The COVID-19 crisis has served as a painful demonstration that no country is fully prepared for a pandemic and that the existing global health architecture remains ill-equipped to finance pandemic prevention, preparedness, and response (PPR). The rationale for preventing and containing pandemics is self-evident: the price of preparedness is a fraction of the cost of responding to catastrophic outbreaks, both in terms of human and economic well-being. In the aftermath of the 2003 SARS outbreak, 2009 H1N1 pandemic, and the 2014-2016 West Africa Ebola outbreak, experts called for scaling up sustainable financing to ensure the world was better prepared to face that next global health threat. But even amid efforts to better understand and measure preparedness gaps, little action was taken to mobilize financing and incentivize investments in strengthening detection, prevention, and response capabilities.
As global health threats evolve, countries’ capacity to prepare for and respond to disease outbreaks is increasingly a global imperative. Now is the time to take concrete steps toward establishing sustained financing for pandemic PPR to help bring an end to the ongoing COVID-19 pandemic, combat future health security threats, and break the costly cycle of neglect.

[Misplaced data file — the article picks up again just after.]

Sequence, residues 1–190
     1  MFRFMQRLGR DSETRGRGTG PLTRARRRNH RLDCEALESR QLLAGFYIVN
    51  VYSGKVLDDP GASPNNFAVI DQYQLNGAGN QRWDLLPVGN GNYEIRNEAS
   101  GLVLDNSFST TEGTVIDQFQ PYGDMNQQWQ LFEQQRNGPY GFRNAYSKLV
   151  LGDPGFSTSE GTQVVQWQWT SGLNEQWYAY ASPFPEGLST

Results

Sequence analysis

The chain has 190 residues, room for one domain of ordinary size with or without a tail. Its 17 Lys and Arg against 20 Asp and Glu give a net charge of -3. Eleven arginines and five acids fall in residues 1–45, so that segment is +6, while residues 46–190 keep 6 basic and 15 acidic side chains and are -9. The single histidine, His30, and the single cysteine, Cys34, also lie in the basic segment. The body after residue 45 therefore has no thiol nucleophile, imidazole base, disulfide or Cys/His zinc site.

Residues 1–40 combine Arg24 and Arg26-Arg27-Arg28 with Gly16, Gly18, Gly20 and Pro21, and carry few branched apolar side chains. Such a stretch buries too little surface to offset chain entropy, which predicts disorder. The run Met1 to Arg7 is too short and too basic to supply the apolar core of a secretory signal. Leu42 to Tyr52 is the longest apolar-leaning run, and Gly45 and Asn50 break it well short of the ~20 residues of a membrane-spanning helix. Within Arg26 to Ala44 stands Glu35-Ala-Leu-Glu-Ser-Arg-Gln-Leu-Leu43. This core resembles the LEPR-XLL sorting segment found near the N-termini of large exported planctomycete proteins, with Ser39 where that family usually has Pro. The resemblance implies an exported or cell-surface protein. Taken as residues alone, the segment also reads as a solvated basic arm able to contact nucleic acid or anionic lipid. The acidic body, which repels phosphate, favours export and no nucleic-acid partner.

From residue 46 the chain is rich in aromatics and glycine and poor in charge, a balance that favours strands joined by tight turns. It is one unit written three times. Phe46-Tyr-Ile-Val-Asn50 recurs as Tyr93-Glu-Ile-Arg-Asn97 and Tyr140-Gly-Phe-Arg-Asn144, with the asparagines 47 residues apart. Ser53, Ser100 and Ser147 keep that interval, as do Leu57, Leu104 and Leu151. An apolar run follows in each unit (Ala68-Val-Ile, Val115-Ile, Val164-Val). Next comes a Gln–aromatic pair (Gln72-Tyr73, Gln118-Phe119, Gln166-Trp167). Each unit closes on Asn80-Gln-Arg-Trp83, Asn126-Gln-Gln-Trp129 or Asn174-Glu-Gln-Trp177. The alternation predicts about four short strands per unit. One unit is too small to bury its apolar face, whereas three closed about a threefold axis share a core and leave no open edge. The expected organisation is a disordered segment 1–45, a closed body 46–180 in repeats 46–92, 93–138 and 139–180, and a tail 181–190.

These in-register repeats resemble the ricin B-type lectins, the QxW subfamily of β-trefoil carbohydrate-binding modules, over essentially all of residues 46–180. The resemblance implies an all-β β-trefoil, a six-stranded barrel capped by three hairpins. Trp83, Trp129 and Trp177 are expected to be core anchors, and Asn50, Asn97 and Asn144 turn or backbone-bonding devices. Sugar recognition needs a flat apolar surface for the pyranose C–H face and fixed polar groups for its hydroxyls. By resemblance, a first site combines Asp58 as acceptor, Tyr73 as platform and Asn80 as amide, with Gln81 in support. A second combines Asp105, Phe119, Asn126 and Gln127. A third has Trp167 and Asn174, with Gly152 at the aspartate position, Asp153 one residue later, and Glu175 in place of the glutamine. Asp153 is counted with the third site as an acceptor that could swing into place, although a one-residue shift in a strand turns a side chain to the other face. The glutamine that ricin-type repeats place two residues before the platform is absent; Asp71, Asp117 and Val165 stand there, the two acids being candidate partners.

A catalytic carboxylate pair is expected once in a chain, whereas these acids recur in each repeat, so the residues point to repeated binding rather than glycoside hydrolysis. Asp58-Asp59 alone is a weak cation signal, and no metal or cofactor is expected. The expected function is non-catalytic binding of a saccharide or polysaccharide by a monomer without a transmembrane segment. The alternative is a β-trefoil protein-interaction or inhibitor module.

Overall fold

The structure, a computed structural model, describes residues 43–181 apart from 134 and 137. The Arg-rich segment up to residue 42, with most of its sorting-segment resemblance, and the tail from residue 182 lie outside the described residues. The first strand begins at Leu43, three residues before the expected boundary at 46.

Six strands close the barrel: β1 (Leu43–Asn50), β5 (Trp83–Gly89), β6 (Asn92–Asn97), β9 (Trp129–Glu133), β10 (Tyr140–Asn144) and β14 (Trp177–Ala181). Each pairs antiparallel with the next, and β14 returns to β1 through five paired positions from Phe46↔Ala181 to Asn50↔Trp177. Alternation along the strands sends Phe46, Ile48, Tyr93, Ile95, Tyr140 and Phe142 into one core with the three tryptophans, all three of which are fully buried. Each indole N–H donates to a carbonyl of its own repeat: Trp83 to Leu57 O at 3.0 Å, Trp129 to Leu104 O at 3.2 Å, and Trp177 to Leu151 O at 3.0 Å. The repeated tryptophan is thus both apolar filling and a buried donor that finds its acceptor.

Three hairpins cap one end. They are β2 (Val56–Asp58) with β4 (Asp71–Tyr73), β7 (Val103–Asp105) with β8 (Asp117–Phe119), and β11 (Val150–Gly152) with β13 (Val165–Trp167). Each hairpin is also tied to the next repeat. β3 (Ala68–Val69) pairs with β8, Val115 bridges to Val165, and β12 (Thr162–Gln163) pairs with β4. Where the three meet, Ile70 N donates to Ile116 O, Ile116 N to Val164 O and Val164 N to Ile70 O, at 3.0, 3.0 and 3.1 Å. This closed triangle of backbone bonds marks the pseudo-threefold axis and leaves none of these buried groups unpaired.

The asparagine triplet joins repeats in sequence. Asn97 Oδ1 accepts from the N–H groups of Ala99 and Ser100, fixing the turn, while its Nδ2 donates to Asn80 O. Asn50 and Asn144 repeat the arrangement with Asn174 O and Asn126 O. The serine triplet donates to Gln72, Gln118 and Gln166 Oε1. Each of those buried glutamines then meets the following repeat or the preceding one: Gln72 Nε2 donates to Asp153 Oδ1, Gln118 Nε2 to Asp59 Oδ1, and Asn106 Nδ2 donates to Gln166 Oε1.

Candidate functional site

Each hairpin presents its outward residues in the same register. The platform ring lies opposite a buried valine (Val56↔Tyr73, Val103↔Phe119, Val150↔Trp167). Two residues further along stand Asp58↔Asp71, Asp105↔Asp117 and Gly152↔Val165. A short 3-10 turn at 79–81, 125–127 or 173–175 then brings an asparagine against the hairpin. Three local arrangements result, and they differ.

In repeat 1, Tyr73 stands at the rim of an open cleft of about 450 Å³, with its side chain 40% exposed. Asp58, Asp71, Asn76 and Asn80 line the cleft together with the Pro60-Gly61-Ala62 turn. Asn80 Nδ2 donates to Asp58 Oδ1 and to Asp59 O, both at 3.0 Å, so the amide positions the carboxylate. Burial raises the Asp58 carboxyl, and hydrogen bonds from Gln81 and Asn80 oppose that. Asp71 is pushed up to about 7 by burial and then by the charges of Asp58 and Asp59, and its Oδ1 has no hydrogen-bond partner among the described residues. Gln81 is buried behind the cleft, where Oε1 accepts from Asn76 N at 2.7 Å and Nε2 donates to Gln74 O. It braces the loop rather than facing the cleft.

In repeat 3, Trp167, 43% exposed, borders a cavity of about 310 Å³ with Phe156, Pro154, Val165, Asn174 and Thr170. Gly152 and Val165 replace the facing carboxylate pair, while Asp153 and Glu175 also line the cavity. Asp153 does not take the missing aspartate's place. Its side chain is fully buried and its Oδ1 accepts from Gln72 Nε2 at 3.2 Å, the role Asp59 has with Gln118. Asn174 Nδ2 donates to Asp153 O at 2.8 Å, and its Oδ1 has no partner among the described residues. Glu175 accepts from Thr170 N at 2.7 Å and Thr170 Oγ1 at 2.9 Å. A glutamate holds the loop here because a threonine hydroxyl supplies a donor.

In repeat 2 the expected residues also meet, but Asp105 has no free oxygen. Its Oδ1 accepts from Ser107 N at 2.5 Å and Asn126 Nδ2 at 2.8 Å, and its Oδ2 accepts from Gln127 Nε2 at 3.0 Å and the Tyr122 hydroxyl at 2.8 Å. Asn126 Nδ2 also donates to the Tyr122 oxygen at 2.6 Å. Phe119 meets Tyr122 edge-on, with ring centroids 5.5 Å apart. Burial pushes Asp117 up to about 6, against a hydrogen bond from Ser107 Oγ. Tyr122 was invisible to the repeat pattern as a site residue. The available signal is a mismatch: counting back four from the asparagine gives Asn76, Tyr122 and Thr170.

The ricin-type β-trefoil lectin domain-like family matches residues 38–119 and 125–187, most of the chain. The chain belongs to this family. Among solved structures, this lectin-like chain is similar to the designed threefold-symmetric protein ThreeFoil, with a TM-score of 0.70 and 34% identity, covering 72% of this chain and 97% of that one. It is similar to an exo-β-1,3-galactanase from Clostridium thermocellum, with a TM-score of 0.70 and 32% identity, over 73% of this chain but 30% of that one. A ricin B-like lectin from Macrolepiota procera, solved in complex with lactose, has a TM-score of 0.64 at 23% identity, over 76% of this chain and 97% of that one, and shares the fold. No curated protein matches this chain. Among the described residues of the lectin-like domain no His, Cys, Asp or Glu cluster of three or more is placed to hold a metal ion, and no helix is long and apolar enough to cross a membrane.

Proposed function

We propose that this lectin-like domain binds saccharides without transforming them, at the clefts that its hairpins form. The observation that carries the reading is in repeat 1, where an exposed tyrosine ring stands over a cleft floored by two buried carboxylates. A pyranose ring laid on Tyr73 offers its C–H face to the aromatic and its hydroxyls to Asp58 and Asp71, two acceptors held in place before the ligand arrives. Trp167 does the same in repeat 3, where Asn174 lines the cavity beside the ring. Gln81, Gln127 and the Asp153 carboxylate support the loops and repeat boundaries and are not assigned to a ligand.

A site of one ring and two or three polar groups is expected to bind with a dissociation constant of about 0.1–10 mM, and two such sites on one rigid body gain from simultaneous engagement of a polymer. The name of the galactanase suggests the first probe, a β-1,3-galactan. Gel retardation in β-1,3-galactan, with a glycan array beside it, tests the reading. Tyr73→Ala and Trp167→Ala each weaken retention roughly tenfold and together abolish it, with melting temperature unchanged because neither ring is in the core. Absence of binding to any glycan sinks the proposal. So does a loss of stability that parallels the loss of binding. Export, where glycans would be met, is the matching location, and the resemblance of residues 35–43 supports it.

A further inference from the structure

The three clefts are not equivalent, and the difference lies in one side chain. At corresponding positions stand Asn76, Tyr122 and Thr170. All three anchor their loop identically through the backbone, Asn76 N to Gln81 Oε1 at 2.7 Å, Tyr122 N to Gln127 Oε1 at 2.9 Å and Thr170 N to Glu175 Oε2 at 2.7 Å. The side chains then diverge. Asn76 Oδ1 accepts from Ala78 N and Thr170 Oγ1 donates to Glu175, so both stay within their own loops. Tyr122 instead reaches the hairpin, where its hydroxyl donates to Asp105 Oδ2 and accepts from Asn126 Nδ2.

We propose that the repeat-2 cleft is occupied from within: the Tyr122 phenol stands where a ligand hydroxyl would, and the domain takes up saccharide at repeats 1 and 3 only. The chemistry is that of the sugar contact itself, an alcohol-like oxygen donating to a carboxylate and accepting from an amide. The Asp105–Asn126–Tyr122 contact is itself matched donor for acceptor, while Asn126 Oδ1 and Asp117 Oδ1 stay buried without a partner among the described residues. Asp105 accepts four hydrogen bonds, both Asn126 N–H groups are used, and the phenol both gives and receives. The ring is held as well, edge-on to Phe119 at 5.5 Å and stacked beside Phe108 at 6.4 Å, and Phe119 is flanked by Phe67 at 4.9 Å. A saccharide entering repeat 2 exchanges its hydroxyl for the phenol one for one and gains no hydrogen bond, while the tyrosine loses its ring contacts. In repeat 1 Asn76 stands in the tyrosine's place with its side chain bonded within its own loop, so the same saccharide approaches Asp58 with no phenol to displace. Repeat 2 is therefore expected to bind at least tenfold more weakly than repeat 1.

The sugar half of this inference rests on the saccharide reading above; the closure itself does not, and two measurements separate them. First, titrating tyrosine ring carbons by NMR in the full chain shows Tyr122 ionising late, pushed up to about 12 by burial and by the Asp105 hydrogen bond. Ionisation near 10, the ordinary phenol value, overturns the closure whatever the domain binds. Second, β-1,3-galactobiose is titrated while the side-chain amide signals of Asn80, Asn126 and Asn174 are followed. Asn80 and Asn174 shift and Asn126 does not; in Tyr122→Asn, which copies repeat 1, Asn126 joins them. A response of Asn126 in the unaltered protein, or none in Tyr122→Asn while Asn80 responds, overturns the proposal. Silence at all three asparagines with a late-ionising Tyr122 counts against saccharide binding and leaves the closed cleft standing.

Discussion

The proposal: A fund for pandemic preparedness and response
Over the last decade, multilateral efforts to bolster global health security have succeeded in raising the profile of pandemic preparedness but have fallen short in one fundamental area: sustained financing. With limited resources, many low- and middle-income countries face a range of budget pressures and little incentive to invest in closing preparedness gaps. What’s needed is a source of dedicated, international financing to strengthen cross-sectoral, country-led health security, while supporting investments to rapidly develop and deploy medical countermeasures and to conduct surveillance.
In a report published in July 2021, the G20 High Level Independent Panel on Financing the Global Commons for Pandemic Preparedness and Response (HLIP) proposed a Global Health Threats Fund to address this pressing need. Since then, key donors—including the United States—have rallied behind the idea, backing a new Financial Intermediary Fund (FIF) at the World Bank. FIFs—a financial arrangement that can pool public and private resources—have often been used to drive progress toward global priorities. In this instance, a new FIF would be used to coordinate and channel funding to countries investing in preparedness according to standards agreed to at the World Health Organization, with the additional benefit of being housed at the World Bank with a direct line to its own and other public development banks’ lending and grant-making.